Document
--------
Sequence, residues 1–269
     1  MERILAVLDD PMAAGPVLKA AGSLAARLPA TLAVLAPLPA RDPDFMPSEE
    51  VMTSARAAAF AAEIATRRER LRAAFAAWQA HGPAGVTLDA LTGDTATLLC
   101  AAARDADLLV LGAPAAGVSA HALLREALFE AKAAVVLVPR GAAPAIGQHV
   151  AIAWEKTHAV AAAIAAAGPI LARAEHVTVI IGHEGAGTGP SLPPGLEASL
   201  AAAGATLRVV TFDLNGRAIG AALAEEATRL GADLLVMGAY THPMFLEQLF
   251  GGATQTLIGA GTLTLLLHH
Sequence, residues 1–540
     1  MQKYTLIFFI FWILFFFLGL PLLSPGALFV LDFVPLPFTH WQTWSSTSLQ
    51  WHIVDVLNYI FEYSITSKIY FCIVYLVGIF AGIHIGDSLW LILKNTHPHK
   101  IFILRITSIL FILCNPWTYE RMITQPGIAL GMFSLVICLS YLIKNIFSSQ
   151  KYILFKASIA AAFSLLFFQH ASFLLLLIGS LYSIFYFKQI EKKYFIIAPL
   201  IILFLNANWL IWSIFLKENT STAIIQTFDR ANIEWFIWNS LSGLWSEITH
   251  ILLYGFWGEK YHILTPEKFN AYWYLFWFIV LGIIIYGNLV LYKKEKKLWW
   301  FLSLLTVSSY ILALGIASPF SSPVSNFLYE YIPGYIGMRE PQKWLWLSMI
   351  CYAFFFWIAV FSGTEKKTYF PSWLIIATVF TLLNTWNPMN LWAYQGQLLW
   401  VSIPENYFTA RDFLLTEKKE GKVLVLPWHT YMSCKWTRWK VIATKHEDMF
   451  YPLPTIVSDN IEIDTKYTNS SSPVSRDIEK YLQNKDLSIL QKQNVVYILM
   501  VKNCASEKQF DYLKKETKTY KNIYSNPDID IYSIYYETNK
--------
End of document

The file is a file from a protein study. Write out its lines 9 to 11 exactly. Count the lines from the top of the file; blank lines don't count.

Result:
     1  MQKYTLIFFI FWILFFFLGL PLLSPGALFV LDFVPLPFTH WQTWSSTSLQ
    51  WHIVDVLNYI FEYSITSKIY FCIVYLVGIF AGIHIGDSLW LILKNTHPHK
   101  IFILRITSIL FILCNPWTYE RMITQPGIAL GMFSLVICLS YLIKNIFSSQ